Tuesday, October 6, 2015

Inc. magazine lauds RTP as an entrepreneurial hot spot

Brian Hamilton, Chairman of the Board at Sageworks, has a nice piece in Inc. magazine about why the RTP area is an entrepreneurial hotbed.  Brian came here to get an MBA at Duke, which makes his comments about NC State even more compelling:
NC State is a true hidden gem that, to me, produces by far the strongest engineers and employees of the three.

Saturday, October 3, 2015

One "tax" that makes economic sense

I ran across two pieces this week about the "Cadillac tax" on high-cost health insurance plans.  This tax, part of the Affordable Care Act, goes into effect in three years.  It will tax as ordinary income employer-provided health insurance premiums in excess of $10,200 for individuals and $27,500 for families.  It has been in the news because a number of politicians (including Hillary Clinton) have endorsed its repeal.

Ritu Agarwal, a b-school prof at the University of Maryland, argues the tax is an essential element of any policy that can successfully reform our health-care system.  The revenue from the tax finances ACA subsidies for health insurance purchases.  Also, the tax will force employers to shift more health care spending to individuals, who will be more careful with their own money than with someone else's when making decisions about their own care.  This will help bring down costs.

WP columnist Catherine Rampell points out another benefit from this tax: it will increase take-home pay.  One reason employee benefits represent at least 25% of the cost of labor is that many of these benefits are tax-deferred or are not taxed at all.  If the employer spends $1000 on wages, the employee takes home less than that after taxes.  If the employer spends $1000 on health insurance, the employee gets full value.  But total spending on compensation must equal the value created by the employee for the company, so an extra dollar spent on health insurance means one less dollar in wages.  And as premiums rise over time, wage growth slows.  So the Cadillac tax, which will lead employers to cut back on premium expenditures, will mean a raise for many employees!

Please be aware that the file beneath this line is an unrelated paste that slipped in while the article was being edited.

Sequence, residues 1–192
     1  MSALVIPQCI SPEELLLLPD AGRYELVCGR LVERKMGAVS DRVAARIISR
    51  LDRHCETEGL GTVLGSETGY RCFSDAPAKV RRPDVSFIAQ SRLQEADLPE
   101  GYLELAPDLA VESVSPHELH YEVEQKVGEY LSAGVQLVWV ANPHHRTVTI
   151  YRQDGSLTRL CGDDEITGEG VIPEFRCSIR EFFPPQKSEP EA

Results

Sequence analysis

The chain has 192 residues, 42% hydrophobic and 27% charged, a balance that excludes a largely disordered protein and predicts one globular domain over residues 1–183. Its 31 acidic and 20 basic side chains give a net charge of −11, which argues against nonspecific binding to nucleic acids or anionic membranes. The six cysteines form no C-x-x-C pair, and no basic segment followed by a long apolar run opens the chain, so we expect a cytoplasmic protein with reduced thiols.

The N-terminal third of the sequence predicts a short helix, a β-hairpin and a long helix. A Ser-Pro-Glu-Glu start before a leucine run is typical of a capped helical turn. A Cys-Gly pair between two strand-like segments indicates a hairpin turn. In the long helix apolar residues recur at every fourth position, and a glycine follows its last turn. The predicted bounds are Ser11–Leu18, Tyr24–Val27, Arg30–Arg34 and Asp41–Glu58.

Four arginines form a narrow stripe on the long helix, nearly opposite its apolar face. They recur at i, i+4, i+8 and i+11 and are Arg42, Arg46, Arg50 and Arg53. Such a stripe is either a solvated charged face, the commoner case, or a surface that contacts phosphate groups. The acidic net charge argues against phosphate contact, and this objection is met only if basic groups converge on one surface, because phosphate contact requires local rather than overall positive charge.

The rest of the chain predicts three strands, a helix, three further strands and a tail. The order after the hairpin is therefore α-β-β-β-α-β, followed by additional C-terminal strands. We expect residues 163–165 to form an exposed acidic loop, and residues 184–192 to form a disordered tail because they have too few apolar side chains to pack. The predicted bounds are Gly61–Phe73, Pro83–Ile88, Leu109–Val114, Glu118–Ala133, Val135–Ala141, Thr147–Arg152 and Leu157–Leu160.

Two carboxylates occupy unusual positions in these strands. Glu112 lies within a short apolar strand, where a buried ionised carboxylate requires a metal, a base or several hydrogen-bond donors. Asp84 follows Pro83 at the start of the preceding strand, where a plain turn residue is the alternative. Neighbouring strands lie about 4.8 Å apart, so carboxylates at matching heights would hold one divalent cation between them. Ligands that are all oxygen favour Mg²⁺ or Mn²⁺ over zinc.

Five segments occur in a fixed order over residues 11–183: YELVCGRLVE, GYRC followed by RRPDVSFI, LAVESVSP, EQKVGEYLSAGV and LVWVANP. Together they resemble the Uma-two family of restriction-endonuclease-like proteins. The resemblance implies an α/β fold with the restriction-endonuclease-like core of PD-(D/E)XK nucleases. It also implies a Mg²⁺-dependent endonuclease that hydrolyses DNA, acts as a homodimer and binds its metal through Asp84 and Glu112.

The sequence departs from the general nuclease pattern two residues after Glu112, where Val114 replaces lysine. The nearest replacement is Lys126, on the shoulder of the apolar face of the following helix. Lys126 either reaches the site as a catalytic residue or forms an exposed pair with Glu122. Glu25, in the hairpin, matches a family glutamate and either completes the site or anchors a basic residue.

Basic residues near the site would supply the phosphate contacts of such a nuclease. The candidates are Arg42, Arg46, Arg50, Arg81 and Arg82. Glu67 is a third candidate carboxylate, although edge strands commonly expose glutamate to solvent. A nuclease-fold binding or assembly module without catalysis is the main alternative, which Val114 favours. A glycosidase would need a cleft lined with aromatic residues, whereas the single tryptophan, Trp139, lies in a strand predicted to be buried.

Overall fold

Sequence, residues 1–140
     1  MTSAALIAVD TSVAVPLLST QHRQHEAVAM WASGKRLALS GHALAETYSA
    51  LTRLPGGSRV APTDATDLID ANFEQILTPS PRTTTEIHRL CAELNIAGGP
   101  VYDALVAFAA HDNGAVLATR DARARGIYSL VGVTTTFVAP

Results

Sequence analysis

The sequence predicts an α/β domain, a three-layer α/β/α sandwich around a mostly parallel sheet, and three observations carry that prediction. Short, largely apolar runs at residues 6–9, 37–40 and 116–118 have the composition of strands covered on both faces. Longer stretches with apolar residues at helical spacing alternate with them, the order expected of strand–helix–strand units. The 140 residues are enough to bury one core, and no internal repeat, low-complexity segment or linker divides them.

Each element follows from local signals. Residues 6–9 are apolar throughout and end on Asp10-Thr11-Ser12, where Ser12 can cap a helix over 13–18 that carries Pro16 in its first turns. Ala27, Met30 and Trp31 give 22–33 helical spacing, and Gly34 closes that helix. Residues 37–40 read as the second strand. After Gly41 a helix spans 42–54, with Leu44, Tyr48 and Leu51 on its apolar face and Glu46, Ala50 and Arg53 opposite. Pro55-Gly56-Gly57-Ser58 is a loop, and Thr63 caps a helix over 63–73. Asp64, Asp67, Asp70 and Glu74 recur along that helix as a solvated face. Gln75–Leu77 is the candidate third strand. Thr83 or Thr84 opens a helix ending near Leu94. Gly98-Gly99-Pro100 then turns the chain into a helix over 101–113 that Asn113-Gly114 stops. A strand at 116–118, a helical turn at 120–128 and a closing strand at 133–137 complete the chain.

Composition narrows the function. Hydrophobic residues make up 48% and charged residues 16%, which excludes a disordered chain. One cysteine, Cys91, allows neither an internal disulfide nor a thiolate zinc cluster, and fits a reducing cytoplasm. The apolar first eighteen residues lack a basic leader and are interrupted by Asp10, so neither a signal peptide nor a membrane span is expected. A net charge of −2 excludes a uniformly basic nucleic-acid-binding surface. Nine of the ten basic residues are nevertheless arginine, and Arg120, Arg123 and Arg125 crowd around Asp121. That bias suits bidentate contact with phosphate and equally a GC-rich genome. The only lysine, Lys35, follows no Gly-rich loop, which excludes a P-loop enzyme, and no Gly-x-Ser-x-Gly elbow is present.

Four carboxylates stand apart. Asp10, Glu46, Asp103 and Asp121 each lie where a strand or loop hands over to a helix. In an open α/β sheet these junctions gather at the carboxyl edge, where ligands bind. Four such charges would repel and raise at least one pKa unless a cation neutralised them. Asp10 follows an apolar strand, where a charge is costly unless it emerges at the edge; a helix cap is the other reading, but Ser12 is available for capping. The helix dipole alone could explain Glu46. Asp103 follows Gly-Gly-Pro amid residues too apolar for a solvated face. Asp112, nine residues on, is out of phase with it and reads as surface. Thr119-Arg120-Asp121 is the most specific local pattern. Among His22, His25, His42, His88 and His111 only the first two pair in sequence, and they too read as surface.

Most economists would go one step further and tax all employer-provided health insurance premiums.  Why should individuals buying insurance on their own get no tax benefits, whereas those with employer-provided insurance get a big break?  Rampell points out that employer-provided health insurance was quite rare until wage controls were imposed during World War II.  Employers then used health insurance as a way to get around the controls and raise pay as labor became more scarce.

We are already in the 2016 election cycle and whoever is elected to national office will have to make a decision on what to do with the Cadillac tax.  Will they let it go into effect in 2018?

Thursday, September 17, 2015

Why student loan debt has grown

The media continue to be obsessed with stories about indebtedness on student loans.  But I had yet to see any tough analysis of microdata on where the growing debt burden has been coming from until a few days ago when a NYT blogger reported on a new study by a Stanford PhD student and a Treasury Department economist.  The study matched student loan records from colleges with earnings profiles from 1040s over the last 20 years, with all other identifying information removed of course.

Here are the main findings (direct quotes from the study's abstract):
  • Most of the increase in default is associated with the rise in the number of borrowers at for-profit schools and, to a lesser extent, 2-year institutions and certain other non-selective institutions, whose students historically composed only a small share of borrowers. 
  • In contrast, default rates among borrowers attending most 4-year public and non-profit private institutions and graduate borrowers—borrowers who represent the vast majority of the federal loan portfolio—have remained low, despite the severe recession and their relatively high loan balances. 
A couple of anecdotes from the study: (1) In 2000 the school whose graduates and former students had accumulated the greatest collective debt burden was New York University and they had piled up $2.2b.  In 2014 the school with the greatest debt burden was The University of Phoenix with $35.5b.   (2) Borrowers from for-profit and two-year institutions account for 70 percent of student loan defaults.  

Bottom line: despite all of the stories we read in the media about students who left Stanford with $100k in debt, the focus of future research needs to be on for-profits, 2-year schools and non-selective institutions.  Completion rates at these institutions are low and earnings opportunities after school attendance are often quite limited.  Loan applicants need to know that before paying their first tuition check.  

The new federal College Scorecard is a step in the right direction.  Prospective students can now get solid data on completion rates, indebtedness and earnings after attendance.  NC State fared very well on all measures, by the way.  

Sunday, September 13, 2015

What is the ROI from investing in employees?